Axiom Wax Academy blog


News, views and product reviews from the spatula of 'Wax Daddy' Andy Rouillard. Welcome to the wonderful world of male waxing!

Hot stuff: non-strip waxing hints and tips

By Wax Daddy, Oct 17 2012 10:31AM

The advanced formulations and unique ‘shrink wrapping’ abilities of modern non-strip waxes are a world away from the traditional hot waxes of yesteryear, but their use is still a little known art within the UK. In an article I first published online way back in 2007, here are some hints and tips for getting the best from this new generation of products.

Non-strip wax has come a long way since the stuff many of us initially learnt with at college. Bad memories of scalding hot wax, fiddly figure-of-eight patterns and brittle toffee-like slabs that snapped upon removal have left many therapists reluctant to stray from the easier soft waxes that are removed with paper or cloth strips.

With increasing demand for intimate hair removal services and clients expecting the very best from therapists, there’s never been a better time to revisit this much maligned cousin of the waxing family and discover just how much he’s grown up in recent years.

What is non-strip wax?

You may have heard it referred to as hard wax, peelable wax, film wax or hot wax. Traditional hot wax is applied in a thick layer or built up over several layers, usually in a figure-of-eight pattern to ensure a thorough coating of all the hairs. It is left to cool and harden on the skin, firmly encapsulating each hair as it dries, and the cooled wax is then whipped off by hand, taking the hair with it.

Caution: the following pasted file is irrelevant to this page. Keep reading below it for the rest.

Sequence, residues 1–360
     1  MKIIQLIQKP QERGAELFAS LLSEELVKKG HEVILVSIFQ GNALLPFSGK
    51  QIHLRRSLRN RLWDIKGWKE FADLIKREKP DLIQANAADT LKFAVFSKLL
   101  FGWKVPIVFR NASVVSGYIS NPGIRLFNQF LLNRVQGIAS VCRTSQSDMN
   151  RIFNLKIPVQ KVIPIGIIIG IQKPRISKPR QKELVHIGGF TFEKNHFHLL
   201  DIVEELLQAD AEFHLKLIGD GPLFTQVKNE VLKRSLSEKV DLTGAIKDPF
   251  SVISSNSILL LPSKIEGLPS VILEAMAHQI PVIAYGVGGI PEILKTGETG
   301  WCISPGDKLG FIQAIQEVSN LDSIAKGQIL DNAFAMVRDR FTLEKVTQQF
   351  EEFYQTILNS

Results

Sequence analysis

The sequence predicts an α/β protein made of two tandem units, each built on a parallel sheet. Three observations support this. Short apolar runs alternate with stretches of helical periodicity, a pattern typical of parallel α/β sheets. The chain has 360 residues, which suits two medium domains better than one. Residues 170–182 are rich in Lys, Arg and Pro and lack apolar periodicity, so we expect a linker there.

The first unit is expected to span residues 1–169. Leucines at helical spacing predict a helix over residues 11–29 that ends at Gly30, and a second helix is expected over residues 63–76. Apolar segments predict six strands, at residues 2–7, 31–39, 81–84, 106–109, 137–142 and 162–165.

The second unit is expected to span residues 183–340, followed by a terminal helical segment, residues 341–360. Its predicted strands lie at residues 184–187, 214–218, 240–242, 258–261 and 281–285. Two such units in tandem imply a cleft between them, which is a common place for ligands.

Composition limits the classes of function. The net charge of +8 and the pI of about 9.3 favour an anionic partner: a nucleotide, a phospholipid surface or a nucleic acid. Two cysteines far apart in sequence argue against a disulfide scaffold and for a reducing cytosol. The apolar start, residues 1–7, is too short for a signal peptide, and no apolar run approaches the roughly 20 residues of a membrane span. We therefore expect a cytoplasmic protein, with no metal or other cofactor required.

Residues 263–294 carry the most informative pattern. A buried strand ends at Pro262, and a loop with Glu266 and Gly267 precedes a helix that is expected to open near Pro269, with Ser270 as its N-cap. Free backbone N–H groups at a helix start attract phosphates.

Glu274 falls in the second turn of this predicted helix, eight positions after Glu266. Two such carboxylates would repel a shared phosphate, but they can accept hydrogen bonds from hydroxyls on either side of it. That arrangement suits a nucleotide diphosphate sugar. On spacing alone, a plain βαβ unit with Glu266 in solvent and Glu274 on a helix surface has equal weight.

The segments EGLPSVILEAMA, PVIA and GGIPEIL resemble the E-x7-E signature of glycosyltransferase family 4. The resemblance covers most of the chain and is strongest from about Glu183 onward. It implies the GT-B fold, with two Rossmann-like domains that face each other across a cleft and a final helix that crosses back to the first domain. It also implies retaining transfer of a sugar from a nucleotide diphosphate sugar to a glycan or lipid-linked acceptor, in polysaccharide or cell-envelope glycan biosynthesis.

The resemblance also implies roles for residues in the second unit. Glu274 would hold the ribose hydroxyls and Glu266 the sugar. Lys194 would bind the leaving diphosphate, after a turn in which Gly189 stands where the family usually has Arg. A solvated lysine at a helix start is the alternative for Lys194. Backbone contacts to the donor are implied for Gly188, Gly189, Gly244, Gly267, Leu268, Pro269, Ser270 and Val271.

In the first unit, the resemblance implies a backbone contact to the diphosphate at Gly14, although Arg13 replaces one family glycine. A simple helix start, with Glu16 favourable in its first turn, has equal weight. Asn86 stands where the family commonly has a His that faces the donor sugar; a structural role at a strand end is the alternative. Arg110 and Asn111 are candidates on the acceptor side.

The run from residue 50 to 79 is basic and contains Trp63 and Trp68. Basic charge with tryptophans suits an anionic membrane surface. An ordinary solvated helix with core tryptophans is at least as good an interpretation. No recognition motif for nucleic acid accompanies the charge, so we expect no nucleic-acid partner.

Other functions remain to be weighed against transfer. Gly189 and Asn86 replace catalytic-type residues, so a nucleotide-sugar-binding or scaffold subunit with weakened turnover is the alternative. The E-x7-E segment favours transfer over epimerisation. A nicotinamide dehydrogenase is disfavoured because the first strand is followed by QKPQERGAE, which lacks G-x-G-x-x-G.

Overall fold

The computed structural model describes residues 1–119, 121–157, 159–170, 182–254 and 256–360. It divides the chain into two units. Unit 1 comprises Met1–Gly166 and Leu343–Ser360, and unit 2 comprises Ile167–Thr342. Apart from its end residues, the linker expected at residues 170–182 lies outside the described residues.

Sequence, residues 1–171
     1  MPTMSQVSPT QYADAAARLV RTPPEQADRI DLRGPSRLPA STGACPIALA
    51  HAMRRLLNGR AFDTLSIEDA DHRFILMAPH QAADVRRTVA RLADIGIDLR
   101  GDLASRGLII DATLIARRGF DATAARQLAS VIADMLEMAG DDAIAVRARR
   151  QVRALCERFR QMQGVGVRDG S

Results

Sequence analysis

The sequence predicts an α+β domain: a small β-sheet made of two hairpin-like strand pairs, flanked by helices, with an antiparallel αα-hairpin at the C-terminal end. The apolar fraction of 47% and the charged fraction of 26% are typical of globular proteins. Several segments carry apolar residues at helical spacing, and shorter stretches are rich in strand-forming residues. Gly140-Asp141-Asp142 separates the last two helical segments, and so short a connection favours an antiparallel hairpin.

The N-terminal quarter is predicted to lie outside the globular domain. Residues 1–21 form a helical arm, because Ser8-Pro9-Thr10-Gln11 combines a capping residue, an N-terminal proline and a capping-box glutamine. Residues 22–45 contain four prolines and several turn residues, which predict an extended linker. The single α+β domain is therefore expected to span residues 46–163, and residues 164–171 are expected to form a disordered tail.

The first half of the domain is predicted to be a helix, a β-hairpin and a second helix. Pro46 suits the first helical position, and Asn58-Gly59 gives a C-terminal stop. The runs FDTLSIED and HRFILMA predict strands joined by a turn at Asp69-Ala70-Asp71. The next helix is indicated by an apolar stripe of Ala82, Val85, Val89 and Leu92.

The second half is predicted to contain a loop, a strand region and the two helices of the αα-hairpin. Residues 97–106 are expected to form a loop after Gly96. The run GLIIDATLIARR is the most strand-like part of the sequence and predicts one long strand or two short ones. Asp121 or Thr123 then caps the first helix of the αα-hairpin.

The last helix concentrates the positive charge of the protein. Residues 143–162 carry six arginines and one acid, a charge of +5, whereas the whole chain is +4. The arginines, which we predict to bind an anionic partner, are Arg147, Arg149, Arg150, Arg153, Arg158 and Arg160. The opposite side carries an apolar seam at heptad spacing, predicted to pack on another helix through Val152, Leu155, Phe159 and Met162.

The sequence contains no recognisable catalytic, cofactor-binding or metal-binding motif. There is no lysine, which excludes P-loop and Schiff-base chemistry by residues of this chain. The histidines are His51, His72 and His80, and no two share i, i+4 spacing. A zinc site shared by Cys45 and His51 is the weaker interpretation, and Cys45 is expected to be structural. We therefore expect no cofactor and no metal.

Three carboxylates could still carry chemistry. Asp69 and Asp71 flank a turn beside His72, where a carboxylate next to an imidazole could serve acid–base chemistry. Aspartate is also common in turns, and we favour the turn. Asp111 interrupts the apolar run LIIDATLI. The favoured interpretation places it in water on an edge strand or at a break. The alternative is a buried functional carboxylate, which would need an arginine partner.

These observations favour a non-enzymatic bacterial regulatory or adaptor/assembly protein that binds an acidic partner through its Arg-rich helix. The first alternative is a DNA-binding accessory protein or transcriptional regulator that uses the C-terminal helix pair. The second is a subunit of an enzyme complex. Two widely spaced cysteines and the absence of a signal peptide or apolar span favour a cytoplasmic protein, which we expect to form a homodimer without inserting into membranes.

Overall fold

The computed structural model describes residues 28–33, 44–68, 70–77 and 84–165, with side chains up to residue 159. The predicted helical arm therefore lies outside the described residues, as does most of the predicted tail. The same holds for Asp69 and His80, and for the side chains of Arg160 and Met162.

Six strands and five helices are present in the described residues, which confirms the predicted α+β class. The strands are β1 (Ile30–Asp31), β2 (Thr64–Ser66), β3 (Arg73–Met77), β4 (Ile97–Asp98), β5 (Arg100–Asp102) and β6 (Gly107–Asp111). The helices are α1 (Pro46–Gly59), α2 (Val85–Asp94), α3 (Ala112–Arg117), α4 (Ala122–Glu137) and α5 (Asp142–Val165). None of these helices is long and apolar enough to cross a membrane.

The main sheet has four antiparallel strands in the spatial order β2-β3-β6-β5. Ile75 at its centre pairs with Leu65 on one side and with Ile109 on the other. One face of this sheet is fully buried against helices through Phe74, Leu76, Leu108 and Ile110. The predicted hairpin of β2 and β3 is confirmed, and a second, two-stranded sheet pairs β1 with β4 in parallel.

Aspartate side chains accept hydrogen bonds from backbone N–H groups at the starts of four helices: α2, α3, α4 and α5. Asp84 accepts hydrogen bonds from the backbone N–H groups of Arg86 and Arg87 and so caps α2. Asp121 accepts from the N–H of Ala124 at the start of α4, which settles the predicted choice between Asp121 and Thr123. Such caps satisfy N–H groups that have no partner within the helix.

New generation peelable waxes share these unique ‘shrink wrapping’ abilities of older hot waxes but are lower in temperature, easier to apply and stay flexible as they cool. This makes them much more comfortable for the client and an ideal choice for removing short, coarse and stubborn tufts anywhere on the body.

Application and removal

The following hints and techniques refer specifically to new generation non-strip waxes. Techniques should be fairly universal but each brand will have it’s own unique quirks and application methods, so don’t be afraid to experiment to find out what works best with your particular product.

:: First, clean the area to be waxed with an antiseptic pre-wax cleanser.

:: Apply a light sheen of oil to create a lipid barrier between the wax and skin. This makes the waxing procedure more comfortable for your client. Remove any excess by blotting with a tissue.

:: Modern non-strip waxes are applied warm, never hot. Check with your supplier for the exact temperature, but as a general guideline they should have the consistency of golden syrup or thick pouring cream when at the correct temperature, with the wax in the centre of the pot still slightly solid (take your wax from the melted section around the edge). Any runnier than this and it’s probably too hot - it should feel like warm bathwater on the skin, not napalm.

:: Scoop a ball of wax onto the end of your spatula. You want the wax to cover just the tip of the stick, so don’t dip it all the way in and coat half the spatula like you would do with strip wax. Easiest way to imagine it: imagine you are scooping yoghurt out of a pot with a spoon.

:: Stretch the skin taut and apply a single layer of wax in the direction of hair growth.

:: For large areas (such as the legs) or areas with sparse hair growth: imagine you are using a knife to butter bread. Wipe the wax off onto the skin first, then use your spatula at 90° to spread the wax. Strips should be long and wide, and the wax is applied relatively thinly. The dried wax is removed gently and in several stages to avoid breakage.